"Europe has clearly proven that austerity was the wrong policy to pursue during a recession," says Rep. Maurice D. Hinchey, D-N.Y., a member of the Congressional Joint Economic Committee. "I'm surprised that with such strikingly different recoveries occurring between the United States and Europe that so many United States lawmakers will continue to support the same types of policies that are utilized by Europe."
Many European countries have already slipped back into recession.
Greece's June 17 election could result in the country quitting the euro. International economists are not sure what would happen next.
The economy of Greece is tiny, and its withdrawal alone would not have much impact on the global economy. On the other hand, it could trigger investor panic into pulling money out of bonds of other weak European countries such as Spain, Portugal, even Italy.
"Europe is on the precipice. And the odds are uncomfortably high they go over the ledge," said Mark Zandi, chief economist at Moody's Analytics. He's hopeful European countries will bury their differences and work together to keep the eurozone from shattering. "But if they don't, then the European economy will sink deep in recession and take the rest of the global economy with it, including our own."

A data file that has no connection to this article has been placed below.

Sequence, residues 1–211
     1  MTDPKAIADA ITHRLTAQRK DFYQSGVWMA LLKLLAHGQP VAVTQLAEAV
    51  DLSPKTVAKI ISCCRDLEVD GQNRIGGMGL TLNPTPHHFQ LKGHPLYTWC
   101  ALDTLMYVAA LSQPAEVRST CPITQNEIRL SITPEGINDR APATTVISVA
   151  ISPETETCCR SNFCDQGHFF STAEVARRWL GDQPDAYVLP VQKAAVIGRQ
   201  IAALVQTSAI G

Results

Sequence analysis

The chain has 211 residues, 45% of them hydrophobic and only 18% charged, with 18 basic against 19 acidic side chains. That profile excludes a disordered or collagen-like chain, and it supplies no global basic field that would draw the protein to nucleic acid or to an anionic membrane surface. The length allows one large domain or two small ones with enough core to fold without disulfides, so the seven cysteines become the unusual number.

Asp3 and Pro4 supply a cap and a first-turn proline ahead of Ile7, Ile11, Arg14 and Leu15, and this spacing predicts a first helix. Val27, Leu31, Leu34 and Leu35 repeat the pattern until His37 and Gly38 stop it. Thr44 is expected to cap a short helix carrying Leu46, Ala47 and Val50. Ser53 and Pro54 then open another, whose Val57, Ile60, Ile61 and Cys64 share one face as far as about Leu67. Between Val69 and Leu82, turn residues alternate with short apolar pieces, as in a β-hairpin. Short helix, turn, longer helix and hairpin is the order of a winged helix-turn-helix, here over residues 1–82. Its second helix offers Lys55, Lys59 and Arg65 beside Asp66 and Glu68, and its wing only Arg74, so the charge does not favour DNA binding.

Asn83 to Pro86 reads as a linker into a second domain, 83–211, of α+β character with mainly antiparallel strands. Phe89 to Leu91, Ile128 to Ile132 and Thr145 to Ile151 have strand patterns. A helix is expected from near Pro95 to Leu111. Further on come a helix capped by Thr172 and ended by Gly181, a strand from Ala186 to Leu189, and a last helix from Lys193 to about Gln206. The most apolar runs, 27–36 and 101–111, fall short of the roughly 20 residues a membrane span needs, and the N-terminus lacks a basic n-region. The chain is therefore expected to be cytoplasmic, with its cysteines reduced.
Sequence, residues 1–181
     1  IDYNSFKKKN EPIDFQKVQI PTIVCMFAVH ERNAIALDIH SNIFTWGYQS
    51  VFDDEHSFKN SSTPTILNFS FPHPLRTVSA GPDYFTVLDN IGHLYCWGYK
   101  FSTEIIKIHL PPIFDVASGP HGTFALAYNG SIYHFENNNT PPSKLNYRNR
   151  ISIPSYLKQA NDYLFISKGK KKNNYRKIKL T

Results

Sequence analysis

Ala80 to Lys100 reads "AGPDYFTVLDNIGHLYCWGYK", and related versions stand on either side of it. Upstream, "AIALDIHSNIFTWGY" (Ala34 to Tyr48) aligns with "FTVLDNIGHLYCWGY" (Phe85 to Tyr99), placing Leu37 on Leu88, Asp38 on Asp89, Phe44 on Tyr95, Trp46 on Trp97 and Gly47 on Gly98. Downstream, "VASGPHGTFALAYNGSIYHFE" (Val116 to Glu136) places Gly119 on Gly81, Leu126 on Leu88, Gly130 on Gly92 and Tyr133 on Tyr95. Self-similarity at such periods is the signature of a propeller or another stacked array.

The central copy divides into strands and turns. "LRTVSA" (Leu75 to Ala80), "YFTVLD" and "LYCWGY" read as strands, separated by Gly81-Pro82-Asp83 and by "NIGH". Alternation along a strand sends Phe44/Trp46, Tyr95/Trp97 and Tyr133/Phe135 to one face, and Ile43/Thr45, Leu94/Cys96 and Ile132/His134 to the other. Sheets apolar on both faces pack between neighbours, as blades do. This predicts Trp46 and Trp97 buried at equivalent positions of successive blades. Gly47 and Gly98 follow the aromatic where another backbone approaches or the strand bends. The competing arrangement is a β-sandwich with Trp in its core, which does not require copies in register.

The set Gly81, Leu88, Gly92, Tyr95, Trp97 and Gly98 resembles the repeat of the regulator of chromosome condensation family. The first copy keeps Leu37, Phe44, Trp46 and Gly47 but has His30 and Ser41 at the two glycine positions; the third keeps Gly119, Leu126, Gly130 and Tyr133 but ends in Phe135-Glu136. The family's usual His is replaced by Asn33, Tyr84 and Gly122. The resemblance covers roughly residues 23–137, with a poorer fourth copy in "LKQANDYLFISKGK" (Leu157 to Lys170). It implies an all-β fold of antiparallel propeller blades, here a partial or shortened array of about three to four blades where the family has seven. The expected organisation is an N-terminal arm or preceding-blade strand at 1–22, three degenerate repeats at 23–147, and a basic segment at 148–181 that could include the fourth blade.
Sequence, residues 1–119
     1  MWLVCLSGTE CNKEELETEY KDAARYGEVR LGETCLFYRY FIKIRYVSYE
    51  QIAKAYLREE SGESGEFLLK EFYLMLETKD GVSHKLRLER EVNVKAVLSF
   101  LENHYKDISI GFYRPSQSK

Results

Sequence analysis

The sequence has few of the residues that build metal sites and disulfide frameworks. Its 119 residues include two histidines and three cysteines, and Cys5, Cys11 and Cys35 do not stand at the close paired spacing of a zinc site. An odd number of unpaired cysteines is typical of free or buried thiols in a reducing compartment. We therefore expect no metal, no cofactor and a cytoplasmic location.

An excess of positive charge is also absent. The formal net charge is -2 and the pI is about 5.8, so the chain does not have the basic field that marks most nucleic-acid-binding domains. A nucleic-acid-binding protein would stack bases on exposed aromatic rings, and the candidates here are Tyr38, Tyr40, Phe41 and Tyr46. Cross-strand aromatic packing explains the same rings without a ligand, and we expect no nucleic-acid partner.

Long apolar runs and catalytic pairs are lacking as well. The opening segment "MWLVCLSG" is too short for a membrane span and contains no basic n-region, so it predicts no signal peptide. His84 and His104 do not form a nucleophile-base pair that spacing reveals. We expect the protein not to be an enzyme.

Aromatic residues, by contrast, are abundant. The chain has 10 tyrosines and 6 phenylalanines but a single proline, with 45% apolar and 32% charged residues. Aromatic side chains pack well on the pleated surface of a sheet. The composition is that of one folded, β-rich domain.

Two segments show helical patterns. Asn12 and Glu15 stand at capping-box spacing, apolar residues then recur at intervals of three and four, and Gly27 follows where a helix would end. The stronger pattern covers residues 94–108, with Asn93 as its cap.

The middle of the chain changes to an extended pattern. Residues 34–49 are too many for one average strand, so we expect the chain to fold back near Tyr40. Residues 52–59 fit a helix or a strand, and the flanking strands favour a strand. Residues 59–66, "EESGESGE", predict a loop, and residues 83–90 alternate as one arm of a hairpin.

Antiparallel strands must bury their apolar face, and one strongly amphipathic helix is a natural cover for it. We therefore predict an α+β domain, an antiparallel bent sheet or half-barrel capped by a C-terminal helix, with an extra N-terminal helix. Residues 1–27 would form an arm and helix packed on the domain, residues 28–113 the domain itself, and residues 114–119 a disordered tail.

The European Union, composed of the 17 countries that use the euro and 10 others, is the world's biggest trading entity, bigger than either the United States or China, the world's two biggest single economies.
And that could have dire consequences for Obama and other incumbents running for re-election.
Michael Froman, Obama's adviser for international economic affairs, said he's optimistic some consensus can be reached that doesn't emphasize austerity as much as measures to "spur on further demand to help make sure that the recovery is secured."
He said the eurozone crisis is sure to be a top topic at a summit of the world's 20 leading economies in Mexico later this month. He said he expects to see there "an overwhelming consensus that the focus is on growth."
Obama said Friday he has been in constant contact over the past two years with Merkel and other European leaders about the crisis. Before the afternoon had ended, the White House said Obama had spoken again with the French president, Francois Hollande, a new partner for Obama in the U.S. push for economic stimulus in Europe, not just austerity.
But there are no immediate plans for any influx of American cash.
Romney and his campaign aides agree that Europe is in bad shape, but they say it's due to excessive spending on social programs and not enough fiscal discipline. Obama's policies on spending and taxes will "take America on the path to Europe," Romney tells campaign audiences.
"It's not that we don't think that this president is trying. I think he is. It's just that his policies are not working," said Romney campaign adviser Eric Fehrnstrom.
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